A veteran is encouraging women who serve to make the best choice for themselves as they navigate life in and out of uniform.
This is the message that author Amanda Huffman spreads through a new book, “A Girl’s Guide to Military Service,” published by Elva Resa earlier this fall.
Catering to women who are considering joining the military, the book – which retired Army Maj. Gen. Mari K. Eder called “the guide I wish I had before joining the U.S. Army” – is a thorough and reliable source of information to accompany women throughout their military career.
Huffman speaks to readers as a longtime friend, the kind that just gets it.
“I served in the Air Force for six years as a civil engineer,” said Huffman, recalling her military service, including a deployment to Afghanistan.
Though choosing to leave the military with the arrival of her son, Huffman’s commitment to supporting her peers never ended. Aside from being a military spouse and mother to two children, Huffman hosts a weekly podcast, “Women of the Military,” where she interviews women who have served.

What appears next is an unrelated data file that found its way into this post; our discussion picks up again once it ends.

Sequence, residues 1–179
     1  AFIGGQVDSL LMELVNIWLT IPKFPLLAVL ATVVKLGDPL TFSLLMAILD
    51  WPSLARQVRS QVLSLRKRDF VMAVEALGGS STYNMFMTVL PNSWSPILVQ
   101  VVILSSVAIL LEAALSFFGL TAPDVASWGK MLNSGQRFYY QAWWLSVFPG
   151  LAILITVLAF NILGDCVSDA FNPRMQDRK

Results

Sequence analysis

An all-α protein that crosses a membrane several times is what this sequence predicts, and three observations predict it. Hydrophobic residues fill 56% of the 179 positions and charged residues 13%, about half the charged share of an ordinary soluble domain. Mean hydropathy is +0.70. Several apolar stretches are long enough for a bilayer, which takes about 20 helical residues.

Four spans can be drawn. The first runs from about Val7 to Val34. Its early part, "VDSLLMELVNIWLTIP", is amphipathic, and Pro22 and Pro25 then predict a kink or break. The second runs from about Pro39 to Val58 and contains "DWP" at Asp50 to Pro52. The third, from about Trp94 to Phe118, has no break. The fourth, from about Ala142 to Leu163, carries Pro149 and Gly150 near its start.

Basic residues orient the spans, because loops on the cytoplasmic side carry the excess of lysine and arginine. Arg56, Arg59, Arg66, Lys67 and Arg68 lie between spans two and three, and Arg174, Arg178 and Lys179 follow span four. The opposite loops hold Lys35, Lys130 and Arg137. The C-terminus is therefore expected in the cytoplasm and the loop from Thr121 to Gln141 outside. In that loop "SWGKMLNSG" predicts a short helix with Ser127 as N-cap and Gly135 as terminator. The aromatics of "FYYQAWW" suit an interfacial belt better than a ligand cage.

She also started a mentorship program to help connect young women with others who are serving or have served. Huffman says “A Girl’s Guide to Military Service” was born from her desire to help other service women.
“How can I help women transition out of military service?” she asked herself. “The more I thought about it, the farther I went back and realized the best way to transition out of the military is to have support from the moment you start your career.”
As she embarked upon her writing journey, she was determined to create a book that “isn’t just focused on joining the military, but one that puts the information in your hands.”
Wishing to address the most pressing, often unspoken and pivotal topics, Huffman covered everything from “military sexual trauma, sexual harassment, dating and periods, to finances, post-traumatic stress, preparing for life after the military, and even being a mom, whether as a single parent, dual military, or married to a civilian.”
Huffman warns readers that “the military isn’t right for everyone, and each branch has its own unique personality,” but she also encourages them to “find the right place for you, so you can have a successful career that can open doors to your future no matter if you serve four years, over 20 or somewhere in between.”
A book that the author hopes her readers will use as the go-to guide throughout their military career, it’s is an easy-to-follow narrative that is as informative in tone as it is encouraging.